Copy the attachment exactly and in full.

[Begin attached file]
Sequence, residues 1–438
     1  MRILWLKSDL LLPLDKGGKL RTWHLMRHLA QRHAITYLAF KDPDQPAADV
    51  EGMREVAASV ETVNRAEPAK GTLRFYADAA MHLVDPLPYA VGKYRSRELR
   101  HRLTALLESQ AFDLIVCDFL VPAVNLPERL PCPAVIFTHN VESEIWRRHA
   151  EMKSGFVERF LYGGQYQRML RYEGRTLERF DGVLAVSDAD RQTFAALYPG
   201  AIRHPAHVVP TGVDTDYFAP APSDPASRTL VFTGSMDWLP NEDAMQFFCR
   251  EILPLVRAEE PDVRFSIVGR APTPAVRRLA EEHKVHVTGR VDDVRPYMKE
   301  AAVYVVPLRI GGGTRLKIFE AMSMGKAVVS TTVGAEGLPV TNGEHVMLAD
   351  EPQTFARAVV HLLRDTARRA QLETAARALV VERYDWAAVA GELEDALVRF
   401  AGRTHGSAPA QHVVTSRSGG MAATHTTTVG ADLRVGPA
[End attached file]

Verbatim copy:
Sequence, residues 1–438
     1  MRILWLKSDL LLPLDKGGKL RTWHLMRHLA QRHAITYLAF KDPDQPAADV
    51  EGMREVAASV ETVNRAEPAK GTLRFYADAA MHLVDPLPYA VGKYRSRELR
   101  HRLTALLESQ AFDLIVCDFL VPAVNLPERL PCPAVIFTHN VESEIWRRHA
   151  EMKSGFVERF LYGGQYQRML RYEGRTLERF DGVLAVSDAD RQTFAALYPG
   201  AIRHPAHVVP TGVDTDYFAP APSDPASRTL VFTGSMDWLP NEDAMQFFCR
   251  EILPLVRAEE PDVRFSIVGR APTPAVRRLA EEHKVHVTGR VDDVRPYMKE
   301  AAVYVVPLRI GGGTRLKIFE AMSMGKAVVS TTVGAEGLPV TNGEHVMLAD
   351  EPQTFARAVV HLLRDTARRA QLETAARALV VERYDWAAVA GELEDALVRF
   401  AGRTHGSAPA QHVVTSRSGG MAATHTTTVG ADLRVGPA